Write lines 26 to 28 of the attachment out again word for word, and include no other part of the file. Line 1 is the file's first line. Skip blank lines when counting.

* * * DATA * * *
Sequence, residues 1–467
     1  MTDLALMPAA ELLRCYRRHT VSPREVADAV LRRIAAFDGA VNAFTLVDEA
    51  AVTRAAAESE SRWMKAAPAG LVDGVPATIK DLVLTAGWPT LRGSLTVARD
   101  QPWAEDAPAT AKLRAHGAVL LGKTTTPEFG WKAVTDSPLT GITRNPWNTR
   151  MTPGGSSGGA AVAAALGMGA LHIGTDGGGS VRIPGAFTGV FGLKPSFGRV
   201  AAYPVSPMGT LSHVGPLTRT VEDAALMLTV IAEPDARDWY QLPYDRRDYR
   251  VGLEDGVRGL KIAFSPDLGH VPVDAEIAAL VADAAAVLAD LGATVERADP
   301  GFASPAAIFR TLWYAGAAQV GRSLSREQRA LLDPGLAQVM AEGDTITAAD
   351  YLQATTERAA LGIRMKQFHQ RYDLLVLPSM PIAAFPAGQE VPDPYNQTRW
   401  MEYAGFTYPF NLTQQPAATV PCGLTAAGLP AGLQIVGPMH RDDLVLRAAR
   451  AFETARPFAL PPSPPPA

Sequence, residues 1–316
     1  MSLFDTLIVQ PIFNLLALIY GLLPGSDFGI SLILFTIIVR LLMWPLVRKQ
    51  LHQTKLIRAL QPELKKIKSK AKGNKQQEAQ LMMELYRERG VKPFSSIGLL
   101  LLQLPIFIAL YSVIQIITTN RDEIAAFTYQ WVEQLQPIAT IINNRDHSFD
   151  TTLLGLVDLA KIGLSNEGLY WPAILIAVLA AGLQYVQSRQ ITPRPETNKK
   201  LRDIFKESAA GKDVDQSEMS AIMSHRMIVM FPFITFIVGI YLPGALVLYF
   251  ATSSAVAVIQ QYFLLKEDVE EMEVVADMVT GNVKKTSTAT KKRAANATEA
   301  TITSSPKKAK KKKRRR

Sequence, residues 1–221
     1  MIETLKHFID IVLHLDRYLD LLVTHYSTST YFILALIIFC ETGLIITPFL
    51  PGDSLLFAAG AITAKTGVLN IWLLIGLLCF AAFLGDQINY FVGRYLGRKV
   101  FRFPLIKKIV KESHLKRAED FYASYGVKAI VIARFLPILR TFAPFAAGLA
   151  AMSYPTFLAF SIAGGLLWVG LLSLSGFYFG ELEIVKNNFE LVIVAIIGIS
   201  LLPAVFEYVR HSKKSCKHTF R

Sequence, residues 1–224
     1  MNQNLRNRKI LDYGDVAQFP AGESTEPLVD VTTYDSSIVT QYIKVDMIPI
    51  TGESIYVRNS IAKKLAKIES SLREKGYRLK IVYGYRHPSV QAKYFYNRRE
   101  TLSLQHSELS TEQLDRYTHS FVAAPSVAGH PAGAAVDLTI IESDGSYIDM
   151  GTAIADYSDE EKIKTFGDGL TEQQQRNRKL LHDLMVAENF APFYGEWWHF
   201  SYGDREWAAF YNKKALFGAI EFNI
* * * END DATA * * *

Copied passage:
Sequence, residues 1–224
     1  MNQNLRNRKI LDYGDVAQFP AGESTEPLVD VTTYDSSIVT QYIKVDMIPI
    51  TGESIYVRNS IAKKLAKIES SLREKGYRLK IVYGYRHPSV QAKYFYNRRE